We chose Hotel Caneva who just so happened to offer a vacant private apartment separate from their hotel building with a full kitchen allowing us to save money by cooking.
Our apartment was enormous with 2 bedrooms which would have been even cheaper for a group of people. There was a kitchen area with all utensils and a separate living area.
Hostels were slightly cheaper for the both of us and we were told locally that the prices double, if not triple, on the 1st May which is considered the first day of the holiday season.
Not only will staying at one of Venice’s neighboring camping and holiday parks offer you a unique off the beaten path experience, it will also save you a tonne of money if you go out of season. We opted for Marina Di Venezia at Punta Sabbioni, a holiday park on the island of Punta Sabbioni across the water from Venice and on the Vaporetto route.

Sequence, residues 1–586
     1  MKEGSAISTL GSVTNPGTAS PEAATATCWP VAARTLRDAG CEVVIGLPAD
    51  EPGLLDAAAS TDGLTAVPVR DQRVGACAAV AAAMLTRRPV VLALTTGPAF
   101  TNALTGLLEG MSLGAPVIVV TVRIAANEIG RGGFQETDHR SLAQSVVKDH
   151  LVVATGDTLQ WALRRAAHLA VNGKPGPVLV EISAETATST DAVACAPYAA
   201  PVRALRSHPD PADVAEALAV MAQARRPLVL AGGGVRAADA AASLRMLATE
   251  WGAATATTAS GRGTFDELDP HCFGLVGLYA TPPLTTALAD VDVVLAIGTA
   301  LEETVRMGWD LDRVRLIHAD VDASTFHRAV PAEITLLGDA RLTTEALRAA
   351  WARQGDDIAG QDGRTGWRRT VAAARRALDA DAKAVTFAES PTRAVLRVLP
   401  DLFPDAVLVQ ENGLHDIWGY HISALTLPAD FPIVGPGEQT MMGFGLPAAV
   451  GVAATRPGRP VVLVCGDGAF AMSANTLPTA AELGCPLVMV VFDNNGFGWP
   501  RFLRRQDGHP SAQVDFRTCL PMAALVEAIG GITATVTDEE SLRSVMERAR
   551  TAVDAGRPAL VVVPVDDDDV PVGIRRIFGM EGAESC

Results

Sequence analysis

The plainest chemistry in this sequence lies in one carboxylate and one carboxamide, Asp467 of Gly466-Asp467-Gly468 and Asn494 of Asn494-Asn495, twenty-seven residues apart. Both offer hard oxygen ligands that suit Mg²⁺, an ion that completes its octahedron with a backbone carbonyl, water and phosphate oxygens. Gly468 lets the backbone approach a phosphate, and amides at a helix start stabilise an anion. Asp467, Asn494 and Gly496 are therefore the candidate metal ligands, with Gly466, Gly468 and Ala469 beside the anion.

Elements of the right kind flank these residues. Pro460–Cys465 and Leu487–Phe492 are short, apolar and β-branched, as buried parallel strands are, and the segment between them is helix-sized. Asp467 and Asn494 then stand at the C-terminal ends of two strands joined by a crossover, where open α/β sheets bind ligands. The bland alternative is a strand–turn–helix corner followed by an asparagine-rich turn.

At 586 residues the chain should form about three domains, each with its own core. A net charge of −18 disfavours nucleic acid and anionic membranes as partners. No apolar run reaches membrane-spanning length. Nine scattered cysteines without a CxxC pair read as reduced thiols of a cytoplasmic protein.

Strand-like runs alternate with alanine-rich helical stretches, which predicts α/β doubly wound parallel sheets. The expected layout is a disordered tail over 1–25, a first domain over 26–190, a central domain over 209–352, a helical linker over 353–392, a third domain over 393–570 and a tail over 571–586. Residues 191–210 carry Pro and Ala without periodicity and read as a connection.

Punta Sabbioni is full of holiday parks and it has its own stop on the Vaporetto. It took around 15 minutes via boat to get to the island.
Not only did we have an entire two bed, two bathroom caravan to ourselves for €200 a week, we also had access to an exclusive private beach. The glorious soft sand beach stretches along the island facing South to the Adriatic Sea.
Most of the holiday parks have amazing fun features like crazy golf, bars, entertainment and water parks. You may have all of this to yourself like we did.
Food was the second largest chunk taken out of our round the world budget. We wanted to experience local cuisine wherever possible but not pay over the odds for it. We scoured Venice for the best options of dining in and eating out.